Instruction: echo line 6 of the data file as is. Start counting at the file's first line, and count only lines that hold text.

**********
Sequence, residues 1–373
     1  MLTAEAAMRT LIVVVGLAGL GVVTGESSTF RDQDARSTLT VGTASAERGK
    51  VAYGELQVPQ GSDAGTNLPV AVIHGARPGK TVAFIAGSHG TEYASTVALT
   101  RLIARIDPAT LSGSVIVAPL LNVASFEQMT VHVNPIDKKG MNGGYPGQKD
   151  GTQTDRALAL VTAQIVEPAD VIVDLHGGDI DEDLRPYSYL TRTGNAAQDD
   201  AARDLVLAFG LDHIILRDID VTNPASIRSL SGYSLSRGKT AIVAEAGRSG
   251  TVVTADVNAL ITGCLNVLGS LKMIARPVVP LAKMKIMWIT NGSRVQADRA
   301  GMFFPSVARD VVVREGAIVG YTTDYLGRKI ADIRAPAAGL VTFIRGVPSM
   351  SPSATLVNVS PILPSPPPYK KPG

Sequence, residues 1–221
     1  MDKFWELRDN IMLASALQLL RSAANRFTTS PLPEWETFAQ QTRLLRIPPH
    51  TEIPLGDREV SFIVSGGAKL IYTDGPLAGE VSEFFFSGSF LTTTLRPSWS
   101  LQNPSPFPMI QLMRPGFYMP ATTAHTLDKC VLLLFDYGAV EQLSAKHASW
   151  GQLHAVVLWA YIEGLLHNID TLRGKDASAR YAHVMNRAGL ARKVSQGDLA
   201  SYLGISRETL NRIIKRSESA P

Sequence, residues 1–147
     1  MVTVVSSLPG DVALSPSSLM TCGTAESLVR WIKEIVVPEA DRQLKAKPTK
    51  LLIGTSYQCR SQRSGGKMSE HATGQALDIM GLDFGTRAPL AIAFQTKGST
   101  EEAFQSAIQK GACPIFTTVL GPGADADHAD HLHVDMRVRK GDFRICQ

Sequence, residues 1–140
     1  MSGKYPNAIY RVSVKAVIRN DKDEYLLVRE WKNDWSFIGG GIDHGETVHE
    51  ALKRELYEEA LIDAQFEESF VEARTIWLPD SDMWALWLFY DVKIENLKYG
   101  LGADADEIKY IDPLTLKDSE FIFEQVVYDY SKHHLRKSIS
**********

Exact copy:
   201  AARDLVLAFG LDHIILRDID VTNPASIRSL SGYSLSRGKT AIVAEAGRSG